Mr. Speaker, I rise on a point of personal privilege to say my final speech in this House.
How could I be leaving this fantastic job? I am the fourth member of my family to be a member of Parliament, the first woman and the first New Democrat. I have the best spouse and political partner, Howard. I have an amazing staff team. I have a family who is proud of me and supports me, so how could I be giving a farewell speech?
I feel like I have been able to achieve a lot in the three years I have been here.
Abandoned vessels is something I worked on for eight years before being elected here. I feel we have really made a lot of progress. I have been honoured to carry on former member of Parliament Jean Crowder's work. We really pushed the issue here, with the support of the transport minister and members of Parliament from the Atlantic.
Pay equity was another win. It was my motion, just weeks into this Parliament, that put equal pay for women on the government's agenda. It was not there before. Three years later, we almost have legislation. That is a huge win.
Also, with my fellow New Democrat MPs from Vancouver Island, we had the rules for infrastructure funding changed so that BC Ferries could apply for capital infrastructure for ferry improvements. That brought $62 million in improvements for coastal communities. We are very proud of that work.
With my staff team, I was also able to help bring millions of dollars of funding and hundreds of jobs into the riding of Nanaimo—Ladysmith.
Also, a ruling was made with the Speaker's agreement to change the rules so the Speaker could recognize first nations leaders who appear in the public gallery in this House. That was a small thing, but a new thing.
As New Democrats, we also achieved some amazing things this year particularly. My colleague, whom I am so proud to serve with, the member for Abitibi—Baie-James—Nunavik—Eeyou, brought in legislation. The United Nations Declaration on the Rights of Indigenous Peoples is something the whole country can be proud of. I am honoured to serve with him and appreciate his leadership.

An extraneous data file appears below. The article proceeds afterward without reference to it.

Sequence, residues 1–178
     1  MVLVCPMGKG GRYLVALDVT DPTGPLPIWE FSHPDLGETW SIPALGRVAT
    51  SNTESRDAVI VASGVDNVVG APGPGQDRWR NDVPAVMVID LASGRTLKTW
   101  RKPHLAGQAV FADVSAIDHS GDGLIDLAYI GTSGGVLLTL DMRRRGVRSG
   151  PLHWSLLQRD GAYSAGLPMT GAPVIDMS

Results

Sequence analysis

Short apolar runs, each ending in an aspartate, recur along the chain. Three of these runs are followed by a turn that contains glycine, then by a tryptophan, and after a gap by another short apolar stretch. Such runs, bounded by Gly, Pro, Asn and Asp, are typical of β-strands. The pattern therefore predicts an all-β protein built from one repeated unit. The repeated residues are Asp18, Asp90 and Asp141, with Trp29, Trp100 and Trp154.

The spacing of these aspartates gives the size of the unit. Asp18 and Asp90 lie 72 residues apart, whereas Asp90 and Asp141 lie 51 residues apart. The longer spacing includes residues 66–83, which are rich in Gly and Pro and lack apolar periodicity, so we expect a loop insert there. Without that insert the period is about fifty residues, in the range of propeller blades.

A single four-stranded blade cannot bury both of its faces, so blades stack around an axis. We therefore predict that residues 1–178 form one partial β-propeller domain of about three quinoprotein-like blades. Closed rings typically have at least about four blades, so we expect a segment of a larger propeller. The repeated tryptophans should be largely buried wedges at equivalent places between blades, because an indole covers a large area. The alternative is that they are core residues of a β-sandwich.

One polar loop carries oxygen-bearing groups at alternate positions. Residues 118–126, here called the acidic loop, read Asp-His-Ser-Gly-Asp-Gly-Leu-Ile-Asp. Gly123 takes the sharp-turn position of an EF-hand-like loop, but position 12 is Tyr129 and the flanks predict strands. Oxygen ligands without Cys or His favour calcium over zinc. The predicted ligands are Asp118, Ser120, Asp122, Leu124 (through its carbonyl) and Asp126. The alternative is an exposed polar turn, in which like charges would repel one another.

My colleague from Vancouver Island, the member for Courtenay—Alberni, just in the past few months has had huge wins both on veterans funding and on the issue of marine plastics pollution. I am very proud of him.
There are other New Democrat fixes which we really hoped would pass in this House and which my colleagues proposed, such as, closed containment for salmon farms, an anti-poverty plan, right to housing, labelling GMOs, and pension reform. These are all progressive constructive proposals. Sadly, they were all voted down by the Liberal government. Nevertheless, those issues were raised.
I love my job as a member of Parliament. I am honoured to serve with this beautiful New Democrat caucus. I am proud that Jagmeet Singh is our leader, the first racialized leader of any political party in this country's history. I have been so honoured to serve in this historic building.
However, the environmental and housing crises my riding faces cannot wait until after the next federal election. I have been pushing for eight years for regulations to deal with marine oil spills, and bitumen spills in particular. The government has not changed the regulations. However, the B.C. NDP says that it will, and it is trying.
Affordable housing spending is largely pushed off until 2020 federally, but just this week in my riding, the B.C. NDP has moved 155 homeless people into modular housing. As well, it has just announced spending of $12 million for 120 new affordable housing units done with community organizations.